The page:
An Interview With Six Senses Zighy Bay Sustainability Manager: Nachiketa Tuteja

Today, we are talking to Nachiketa Tuteja, who is the Sustainability Manager at Six Senses Zighy Bay in Oman. In our interview with Nachiketa, we had a chance to chat about how sustainability is involved in the resort's daily operations and discuss if nowadays travellers really care about responsible tourism.

Nachiketa, do you remember when you discovered your passion for sustainability?
Every day! Still rediscovering what a fun and educative line of work this is. Every single day! There is nothing ordinary about my line of work!

Could you tell us, how sustainability is incorporated in the resort's daily operations?
- Full-time Sustainability Manager on site: this shows how serious the management is about the issue.
- "Earth Lab". The resort run outlet to showcase the sustainability initiatives of the resort and pass on "the message" in a fun and educational way. We make cold process soaps, melt and pour soaps, bath scrubs, bath bombs, bath teas, body polishes, shampoo bars, recycled paper, recycled glass artifacts, seed reclamation, potting soil making etc. from recycled products within the resort. I see Earth Lab not as a physical place, but as a philosophy, as a feeling, which all hosts live by every day and we pass on to our guests. 
- Organic farming. We have an on-site herb garden and off-site farm with Oman’s first cheese factory, vegetable and fruit giving plants and trees, herbs and livestock including bees, cows, goats, camels and chickens. All of this transcends to our "farm to table" effort.
- Sourcing locally. In our effort to be sustainable, we try and source all our products as locally as possible. Most of them are from within GCC.
- Fish from local Zighy fishermen. Depending on requirement and seasonality, we try to source fresh sea food from the local Zighy village, the inhabitants of which are mostly fisherman by profession.
- Beach clean-ups. We organize regular (twice a month) beach clean ups and regular (twice a month) underwater clean-ups for our private and village beach.
- Six Senses water. In order to reduce carbon footprint, and to leave behind an ecological foot print, we produce our own Six Senses water from an RO filtration process from the Sea Water. Drinking water is produced and bottled on site. Approximately, 500,000 liters and 250,000 bottles of water are eliminated each year and around 150,000,000 liters of water made in the resort itself annually.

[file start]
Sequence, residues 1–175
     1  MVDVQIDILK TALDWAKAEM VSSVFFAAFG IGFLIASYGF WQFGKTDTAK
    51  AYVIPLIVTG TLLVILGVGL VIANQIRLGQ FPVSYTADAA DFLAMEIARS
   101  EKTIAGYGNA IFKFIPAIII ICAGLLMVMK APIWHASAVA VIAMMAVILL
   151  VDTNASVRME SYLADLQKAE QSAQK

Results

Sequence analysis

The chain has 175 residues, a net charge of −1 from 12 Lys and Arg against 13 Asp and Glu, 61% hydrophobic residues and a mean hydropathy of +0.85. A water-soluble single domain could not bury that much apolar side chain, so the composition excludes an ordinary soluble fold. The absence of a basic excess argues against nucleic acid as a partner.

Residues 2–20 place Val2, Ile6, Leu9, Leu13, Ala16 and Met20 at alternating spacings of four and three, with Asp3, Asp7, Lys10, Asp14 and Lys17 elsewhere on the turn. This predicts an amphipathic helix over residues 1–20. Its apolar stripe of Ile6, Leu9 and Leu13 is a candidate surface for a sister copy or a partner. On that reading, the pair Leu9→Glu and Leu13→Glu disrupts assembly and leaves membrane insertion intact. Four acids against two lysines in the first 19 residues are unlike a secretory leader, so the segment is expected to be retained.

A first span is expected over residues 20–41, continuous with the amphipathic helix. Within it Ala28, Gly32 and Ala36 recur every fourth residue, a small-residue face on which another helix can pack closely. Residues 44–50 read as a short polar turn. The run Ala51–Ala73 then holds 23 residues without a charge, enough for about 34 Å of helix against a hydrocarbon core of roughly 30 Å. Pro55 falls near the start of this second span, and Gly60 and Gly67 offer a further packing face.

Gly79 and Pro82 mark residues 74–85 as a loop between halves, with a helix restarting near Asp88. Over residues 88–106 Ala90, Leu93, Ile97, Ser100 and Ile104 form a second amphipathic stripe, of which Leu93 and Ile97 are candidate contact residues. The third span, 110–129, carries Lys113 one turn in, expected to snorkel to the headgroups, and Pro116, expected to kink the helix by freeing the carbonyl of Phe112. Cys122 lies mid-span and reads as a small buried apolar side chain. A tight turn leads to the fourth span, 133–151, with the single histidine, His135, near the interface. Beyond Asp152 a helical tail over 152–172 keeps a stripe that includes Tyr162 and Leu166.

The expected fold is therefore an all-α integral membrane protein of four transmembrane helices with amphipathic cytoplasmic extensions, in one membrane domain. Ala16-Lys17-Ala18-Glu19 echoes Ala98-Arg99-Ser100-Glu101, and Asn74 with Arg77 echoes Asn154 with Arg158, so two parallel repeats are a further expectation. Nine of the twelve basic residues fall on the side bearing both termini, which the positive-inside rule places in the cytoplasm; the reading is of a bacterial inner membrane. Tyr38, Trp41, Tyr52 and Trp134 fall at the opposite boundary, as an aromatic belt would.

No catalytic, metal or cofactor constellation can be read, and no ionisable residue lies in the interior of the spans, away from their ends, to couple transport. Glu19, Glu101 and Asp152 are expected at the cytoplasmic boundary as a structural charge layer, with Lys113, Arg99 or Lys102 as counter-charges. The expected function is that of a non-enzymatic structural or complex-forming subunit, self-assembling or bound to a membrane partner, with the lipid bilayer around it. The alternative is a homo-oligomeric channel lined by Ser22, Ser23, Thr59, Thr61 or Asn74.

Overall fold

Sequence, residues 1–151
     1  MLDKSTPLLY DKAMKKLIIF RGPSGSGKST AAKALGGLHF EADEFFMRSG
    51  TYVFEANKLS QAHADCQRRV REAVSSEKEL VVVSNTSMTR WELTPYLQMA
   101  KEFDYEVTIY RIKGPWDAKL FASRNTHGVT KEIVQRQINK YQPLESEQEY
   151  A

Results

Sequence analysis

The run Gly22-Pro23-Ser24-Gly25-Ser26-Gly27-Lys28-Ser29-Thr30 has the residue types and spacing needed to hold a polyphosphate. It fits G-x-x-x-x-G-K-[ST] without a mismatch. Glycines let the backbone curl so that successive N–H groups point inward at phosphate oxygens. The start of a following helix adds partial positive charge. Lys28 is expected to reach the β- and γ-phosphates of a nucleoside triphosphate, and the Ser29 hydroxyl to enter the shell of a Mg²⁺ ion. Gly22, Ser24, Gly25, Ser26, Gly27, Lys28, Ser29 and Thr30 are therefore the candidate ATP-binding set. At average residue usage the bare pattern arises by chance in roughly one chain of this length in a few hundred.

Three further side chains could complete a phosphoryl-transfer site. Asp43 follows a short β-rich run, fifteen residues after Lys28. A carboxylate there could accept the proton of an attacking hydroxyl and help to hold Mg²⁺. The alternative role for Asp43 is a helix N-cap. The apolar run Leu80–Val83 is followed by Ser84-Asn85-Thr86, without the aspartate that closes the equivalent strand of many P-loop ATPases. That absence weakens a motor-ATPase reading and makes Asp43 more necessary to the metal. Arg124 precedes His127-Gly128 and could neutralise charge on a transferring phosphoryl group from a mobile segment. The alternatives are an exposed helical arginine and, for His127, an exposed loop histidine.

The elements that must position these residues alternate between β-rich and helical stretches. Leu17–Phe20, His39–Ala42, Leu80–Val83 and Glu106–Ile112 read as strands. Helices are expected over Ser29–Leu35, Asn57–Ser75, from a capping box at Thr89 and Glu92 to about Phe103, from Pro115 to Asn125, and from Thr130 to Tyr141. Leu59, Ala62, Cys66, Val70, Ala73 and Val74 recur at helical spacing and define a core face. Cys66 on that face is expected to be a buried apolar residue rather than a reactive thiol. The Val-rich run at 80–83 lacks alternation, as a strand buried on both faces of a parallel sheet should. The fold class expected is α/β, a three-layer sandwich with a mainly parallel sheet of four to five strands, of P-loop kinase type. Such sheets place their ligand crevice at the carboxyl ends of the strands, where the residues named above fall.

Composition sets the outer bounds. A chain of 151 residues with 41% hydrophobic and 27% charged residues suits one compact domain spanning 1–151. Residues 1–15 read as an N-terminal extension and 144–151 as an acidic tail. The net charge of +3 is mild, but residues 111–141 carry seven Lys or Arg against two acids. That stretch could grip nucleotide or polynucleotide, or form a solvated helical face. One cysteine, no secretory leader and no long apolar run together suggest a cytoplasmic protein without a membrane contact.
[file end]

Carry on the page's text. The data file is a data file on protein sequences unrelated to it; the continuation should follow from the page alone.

- Eco-friendly chemicals. All our chemicals used for housekeeping, pest control, etc, are bought from a company called Eco-Lab which makes environmentally responsible products.
- LED Lights. We are in the process of replacing all lights within the resort to LED lights - currently, 90% is done.
- Solar powered garden, common ways and table top lights are used.
- Motion detectors at strategic locations to save energy.
- Outdoor lights are on sunlight timer/sensors.
- Building Enveloping. We have an excellent building enveloping system that prevents heat entering the building in the summer and escaping in the winter months, hence saving on Air-Con energy costs.
- Styrofoam and Cardboard Boxes Returned. We have a takeback program with our suppliers to take back packaging like cardboard boxes and Styrofoam which is used in packaging.
- Refillable glass bottles in place of plastic. Earlier this year, we have proudly banned plastic bottles in Zighy Bay and have refillable glass bottles which come in different sizes.
- Hybrid cars. We boast a fleet of Nissan Pathfinders which are hybrid technology SUVs.
- Zero waste focus. We have a big focus on zero waste and practice: refuse, reduce, reuse, recycle and remove in all areas of operations.
- Waste water treatment plant. We have an excellent water treatment plant which gives us grey water used for irrigation using a state-of-the-art bioremediation for final stage waste water treatment using a reed bed for stabilization and sedimentation.
- Sustainability fund. 0.5% of the revenue, 50% sales from water in F&B outlets, soft toy sales and voluntary donations by our guests go to a dedicated sustainability fund. This money is earmarked for community related projects and not resort benefit.